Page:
The Atlantic has published a fascinating article entitled “JFK vs. the Military” by Kennedy biographer Robert Dallek which details
the war that was taking place between President Kennedy and the U.S. national-security state establishment. While this has long been a subject of interest to Kennedy assassination researchers, it’s not the type of thing that mainstream authors and mainstream publications have wanted to confront, especially in an era in which the military and the CIA (and the NSA) have become permanent and exalted parts of America’s governmental structure.
I’d venture to say that very few Americans are familiar with this particular war. It’s certainly not the type of thing that is taught students in America’s public schools. Indeed, I’m willing to bet that quite a few Americans, upon learning of this war, would be shocked. After all, what president would dare to go to war against the part of the government that is considered to be absolutely essential to national security and to the freedom and well-being of the American people?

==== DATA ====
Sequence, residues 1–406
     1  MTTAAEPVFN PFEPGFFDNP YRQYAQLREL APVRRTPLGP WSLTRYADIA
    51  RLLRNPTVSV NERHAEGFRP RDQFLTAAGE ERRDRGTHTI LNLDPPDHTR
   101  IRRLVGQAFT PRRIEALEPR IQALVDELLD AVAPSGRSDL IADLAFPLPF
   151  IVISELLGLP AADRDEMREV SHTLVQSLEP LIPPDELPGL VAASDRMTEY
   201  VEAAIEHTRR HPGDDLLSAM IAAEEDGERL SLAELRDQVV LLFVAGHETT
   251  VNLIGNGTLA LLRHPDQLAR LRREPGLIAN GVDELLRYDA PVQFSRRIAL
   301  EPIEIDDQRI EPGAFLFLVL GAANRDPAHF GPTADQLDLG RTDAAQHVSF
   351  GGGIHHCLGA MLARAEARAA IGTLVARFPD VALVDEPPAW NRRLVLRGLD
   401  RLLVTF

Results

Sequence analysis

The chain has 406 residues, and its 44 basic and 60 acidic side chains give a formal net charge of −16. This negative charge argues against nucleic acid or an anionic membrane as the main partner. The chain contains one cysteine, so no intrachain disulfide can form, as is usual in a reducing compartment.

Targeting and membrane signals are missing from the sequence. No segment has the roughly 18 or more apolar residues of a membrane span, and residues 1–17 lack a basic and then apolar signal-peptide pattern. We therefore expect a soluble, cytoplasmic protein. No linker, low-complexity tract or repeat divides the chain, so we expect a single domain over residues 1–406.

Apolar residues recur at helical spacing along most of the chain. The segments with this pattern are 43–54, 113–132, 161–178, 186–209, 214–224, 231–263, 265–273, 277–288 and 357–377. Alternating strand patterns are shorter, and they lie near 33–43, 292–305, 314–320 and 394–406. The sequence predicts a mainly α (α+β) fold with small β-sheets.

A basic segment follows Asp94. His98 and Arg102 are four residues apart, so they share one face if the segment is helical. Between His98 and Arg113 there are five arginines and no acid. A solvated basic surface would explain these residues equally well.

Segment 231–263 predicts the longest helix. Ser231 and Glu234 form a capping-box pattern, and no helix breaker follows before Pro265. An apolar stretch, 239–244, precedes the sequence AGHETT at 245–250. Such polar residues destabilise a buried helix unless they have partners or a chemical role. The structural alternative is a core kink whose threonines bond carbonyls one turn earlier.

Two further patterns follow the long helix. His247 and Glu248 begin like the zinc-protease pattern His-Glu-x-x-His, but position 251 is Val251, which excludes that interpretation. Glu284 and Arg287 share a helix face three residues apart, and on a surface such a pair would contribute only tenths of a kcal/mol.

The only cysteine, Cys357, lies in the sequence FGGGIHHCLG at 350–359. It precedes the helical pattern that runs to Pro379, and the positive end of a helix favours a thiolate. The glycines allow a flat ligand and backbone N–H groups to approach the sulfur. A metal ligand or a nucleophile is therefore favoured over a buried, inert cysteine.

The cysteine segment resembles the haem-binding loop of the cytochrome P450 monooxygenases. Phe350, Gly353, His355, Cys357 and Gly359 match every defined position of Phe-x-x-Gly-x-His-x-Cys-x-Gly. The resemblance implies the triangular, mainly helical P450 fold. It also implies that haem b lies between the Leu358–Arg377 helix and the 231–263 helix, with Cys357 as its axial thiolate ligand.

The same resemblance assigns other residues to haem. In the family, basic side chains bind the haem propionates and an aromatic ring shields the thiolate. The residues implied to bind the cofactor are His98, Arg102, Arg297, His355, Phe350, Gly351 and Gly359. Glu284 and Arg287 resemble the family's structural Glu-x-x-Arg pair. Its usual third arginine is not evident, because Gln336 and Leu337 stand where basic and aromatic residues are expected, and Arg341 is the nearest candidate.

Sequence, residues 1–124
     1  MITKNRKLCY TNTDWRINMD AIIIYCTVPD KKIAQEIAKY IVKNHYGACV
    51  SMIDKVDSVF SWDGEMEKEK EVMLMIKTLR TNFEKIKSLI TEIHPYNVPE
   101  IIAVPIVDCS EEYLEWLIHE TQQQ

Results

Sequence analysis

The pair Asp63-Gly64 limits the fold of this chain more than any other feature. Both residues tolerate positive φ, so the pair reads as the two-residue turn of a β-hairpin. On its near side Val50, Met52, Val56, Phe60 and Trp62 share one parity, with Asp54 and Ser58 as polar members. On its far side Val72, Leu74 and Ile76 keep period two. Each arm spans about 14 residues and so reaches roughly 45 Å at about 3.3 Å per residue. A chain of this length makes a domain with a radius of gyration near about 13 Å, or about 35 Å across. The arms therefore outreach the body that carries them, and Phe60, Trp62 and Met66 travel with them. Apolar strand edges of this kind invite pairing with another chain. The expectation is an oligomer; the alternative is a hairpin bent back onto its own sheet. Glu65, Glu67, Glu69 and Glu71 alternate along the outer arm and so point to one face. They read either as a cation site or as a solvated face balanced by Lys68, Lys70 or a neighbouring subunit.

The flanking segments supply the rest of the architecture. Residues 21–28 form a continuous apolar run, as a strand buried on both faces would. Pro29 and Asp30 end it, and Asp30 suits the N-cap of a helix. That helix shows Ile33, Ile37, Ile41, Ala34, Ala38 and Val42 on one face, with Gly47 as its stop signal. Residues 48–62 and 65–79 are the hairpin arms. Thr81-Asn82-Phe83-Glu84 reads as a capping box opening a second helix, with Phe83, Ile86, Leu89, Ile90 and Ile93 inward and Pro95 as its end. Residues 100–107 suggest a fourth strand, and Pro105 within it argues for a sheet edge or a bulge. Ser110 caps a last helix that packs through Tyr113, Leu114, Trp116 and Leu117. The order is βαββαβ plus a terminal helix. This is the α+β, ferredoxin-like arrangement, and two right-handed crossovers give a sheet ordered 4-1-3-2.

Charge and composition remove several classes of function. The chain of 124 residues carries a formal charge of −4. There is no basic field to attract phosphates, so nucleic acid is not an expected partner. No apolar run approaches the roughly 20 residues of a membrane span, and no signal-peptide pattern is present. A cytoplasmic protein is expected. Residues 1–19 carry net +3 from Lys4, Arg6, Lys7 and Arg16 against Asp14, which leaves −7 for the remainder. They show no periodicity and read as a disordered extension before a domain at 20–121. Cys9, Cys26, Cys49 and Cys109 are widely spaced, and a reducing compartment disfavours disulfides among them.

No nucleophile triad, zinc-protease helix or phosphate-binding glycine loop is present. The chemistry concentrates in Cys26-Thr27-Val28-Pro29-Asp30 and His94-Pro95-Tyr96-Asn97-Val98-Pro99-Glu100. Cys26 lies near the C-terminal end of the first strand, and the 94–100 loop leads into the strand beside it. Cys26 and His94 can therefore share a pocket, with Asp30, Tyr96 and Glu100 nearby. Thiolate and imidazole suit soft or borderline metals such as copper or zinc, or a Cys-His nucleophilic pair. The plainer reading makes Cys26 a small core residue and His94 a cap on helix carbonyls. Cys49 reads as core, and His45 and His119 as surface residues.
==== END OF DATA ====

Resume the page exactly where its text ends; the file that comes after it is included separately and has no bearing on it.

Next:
But that is precisely what Kennedy did. Having come into office as a died-in-the-wool Cold Warrior, sharing the same mindset as most Americans — that the communists were coming to get us and, therefore, that it was absolutely essential to maintain an enormous permanent military and intelligence establishment keep us safe from the communists — by the time he was assassinated, Kennedy’s perspective had completely changed, and the Joint Chiefs of Staff and the CIA knew it.
What had caused Kennedy to change his Cold War perspective and go to war against the national-security establishment?